Malique – the ‘people’s MP’

Malique Wilson placed first in the 5th Annual Spoken Word Competition. He was the only male competitor. - Shane Superville
Malique Wilson placed first in the 5th Annual Spoken Word Competition. He was the only male competitor. - Shane Superville

With his tenacious personality, 17-year-old Malique Wilson believes he will accomplish his goal of being a successful businessman, politician or a pilot.

After being awarded the People’s Choice in the Youth Parliament Debate competition, Wilson, a sixth form student of St Mary’s College, said originally he wanted to become a pilot but his experience in Parliament raised his interest in becoming a politician.

The debate on November 11 was on a motion calling for legislation to recognise parents’ and guardians’ responsibility for their children’s online behaviour.

Wilson and another student were chosen to represent St Mary’s on an invitation from the Parliament to participate in the debate. He was the attorney general and MP for San Fernando West.

In an interview with Sunday Newsday, Wilson, who is from Bon Air Gardens, Arouca, said the experience would be an everlasting one.

“The youth parliament experience was one that words cannot describe.

“My favourite part of the experience was meeting MPs in person, as well as watching them present their contributions about the topic at hand.”

He said after this experience, he believes politics in TT is serious business, and politicians have a lot of work to do. He believes they do their best and are serious about the work they do for the country.

“We were able to see a live sitting in the Chamber and the politicians were well researched. They know what they are talking about. They seem very serious about the topics at hand.

St Mary’s College sixth form student Malique Wilson was awarded the People’s Choice in the Youth Parliament Debate recently. - Shane Superville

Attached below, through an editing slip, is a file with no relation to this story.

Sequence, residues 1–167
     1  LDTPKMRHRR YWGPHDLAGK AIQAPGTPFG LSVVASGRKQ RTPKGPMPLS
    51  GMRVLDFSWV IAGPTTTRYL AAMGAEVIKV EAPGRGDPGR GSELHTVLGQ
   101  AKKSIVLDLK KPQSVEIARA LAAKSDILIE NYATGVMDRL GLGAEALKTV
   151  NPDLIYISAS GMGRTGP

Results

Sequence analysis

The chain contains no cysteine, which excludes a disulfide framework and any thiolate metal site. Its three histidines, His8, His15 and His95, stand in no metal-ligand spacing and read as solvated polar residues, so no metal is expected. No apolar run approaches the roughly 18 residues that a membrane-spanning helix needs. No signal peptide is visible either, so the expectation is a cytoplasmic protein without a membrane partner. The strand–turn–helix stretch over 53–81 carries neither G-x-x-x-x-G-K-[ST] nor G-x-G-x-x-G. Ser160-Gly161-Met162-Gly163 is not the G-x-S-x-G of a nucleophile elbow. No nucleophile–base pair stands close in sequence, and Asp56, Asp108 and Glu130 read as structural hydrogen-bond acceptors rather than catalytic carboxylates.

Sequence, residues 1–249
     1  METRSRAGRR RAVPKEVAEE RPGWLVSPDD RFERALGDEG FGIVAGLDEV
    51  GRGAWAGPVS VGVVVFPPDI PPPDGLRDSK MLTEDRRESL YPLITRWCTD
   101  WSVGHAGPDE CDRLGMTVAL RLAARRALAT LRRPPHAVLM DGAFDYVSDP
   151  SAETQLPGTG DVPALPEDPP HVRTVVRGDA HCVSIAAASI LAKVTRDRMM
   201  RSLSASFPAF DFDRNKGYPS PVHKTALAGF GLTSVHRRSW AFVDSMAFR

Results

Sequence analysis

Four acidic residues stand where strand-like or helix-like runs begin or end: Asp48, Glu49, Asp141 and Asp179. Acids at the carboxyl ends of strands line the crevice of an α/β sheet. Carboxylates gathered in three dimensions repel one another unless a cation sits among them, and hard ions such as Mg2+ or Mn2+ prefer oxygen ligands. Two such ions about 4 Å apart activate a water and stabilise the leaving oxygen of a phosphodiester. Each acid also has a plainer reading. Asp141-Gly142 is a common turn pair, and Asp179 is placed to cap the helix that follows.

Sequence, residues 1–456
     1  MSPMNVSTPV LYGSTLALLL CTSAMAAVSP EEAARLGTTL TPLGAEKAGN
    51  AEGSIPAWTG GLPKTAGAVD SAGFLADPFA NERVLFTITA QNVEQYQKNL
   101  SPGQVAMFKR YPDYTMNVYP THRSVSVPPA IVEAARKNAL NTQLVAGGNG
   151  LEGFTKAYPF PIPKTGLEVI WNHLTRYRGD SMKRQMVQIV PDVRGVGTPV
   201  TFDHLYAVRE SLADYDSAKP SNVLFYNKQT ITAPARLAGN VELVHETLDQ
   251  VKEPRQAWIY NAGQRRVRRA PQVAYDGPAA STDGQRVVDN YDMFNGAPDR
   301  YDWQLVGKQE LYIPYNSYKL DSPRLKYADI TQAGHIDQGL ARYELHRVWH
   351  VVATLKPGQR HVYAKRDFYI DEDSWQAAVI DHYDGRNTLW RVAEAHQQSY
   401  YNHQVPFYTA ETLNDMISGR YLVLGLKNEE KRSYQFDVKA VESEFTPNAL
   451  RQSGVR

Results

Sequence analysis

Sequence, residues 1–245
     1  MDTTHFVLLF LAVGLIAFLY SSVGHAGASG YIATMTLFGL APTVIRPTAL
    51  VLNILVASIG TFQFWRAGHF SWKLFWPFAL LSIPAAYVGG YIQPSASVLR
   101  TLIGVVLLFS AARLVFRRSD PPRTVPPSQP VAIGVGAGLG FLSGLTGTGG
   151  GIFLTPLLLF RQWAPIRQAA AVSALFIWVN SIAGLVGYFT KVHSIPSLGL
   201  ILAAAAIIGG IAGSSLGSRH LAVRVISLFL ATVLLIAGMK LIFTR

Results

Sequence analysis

“But I will also say there is room for improvement, because you can see in some constituencies things get done, and in others they are like they are forgotten. Some representatives don’t show up for the people.”

Wilson is studying physics, pure maths, geography and communications.

He said he has a special love for the elderly and hopes one day to own a nursing home with modern programmes to show them they matter despite their age.

“I have a passion for aviation and love planes ever since I can remember. I want to become a successful person.

“But most importantly, I want to be able to help out people, especially the elderly. I think that’s important in life.”

He said he does a lot of volunteer work with the Reach Foundation, which focuses on caring for the elderly.

“It is more like a book club that we have. I was also exposed to meeting the elderly at a very young age, because my granny owns J’s Welcome Home. I love being around them.”

Wilson feels sometimes elderly people in society are forgotten, not wanted and left alone.

“Earlier this year my granny took them to the beach and they loved it. They had so much fun. They are also taken to the gardens. She does things with them to help them relax because she knows the importance of care for them, and one day it is my hope to follow in her footsteps.”

He said some of them are very humorous, with different personalities.

“They share their life experiences with me and it is quite fascinating to listen to them. We interchange homes with the book club and I remember meeting Dr Eric Williams’s sister...She had a lot of stories to tell.

“I have learned and benefited from being around the aged. They have so must to share and it can also help mould me into the successful person I want to become – along with the help and support from my family, of course.”

Wilson believes the government should invest more in nursing homes.

“They need to put measures in place to assist these homes financially. There is a need to have trained people to visit the homes more often to ensure the elderly are well taken care of.”

Homes should offer activities to make the residents feel “alive and wanted.”

Wilson represented St Mary’s in the 5th Annual Spoken Word Competition on the theme The Dignity of Work, hosted by the Catholic Youth Commission. He was the only male competitor and placed first.

“I hope to enter another spoken word competition, because this was my first and I really enjoyed it.”

Wilson is the eldest of four and is the only boy. His father is a lawyer and his mother works in marketing. He enjoys sports, especially triathlons.

Asked what advice he would give to young people who want to succeed, he said, “First you need to have a plan, and then you need to be serious about carrying out the plan.

“You must follow through in life. Don’t be afraid to ask for advice.”


"Malique – the ‘people’s MP’"

More in this section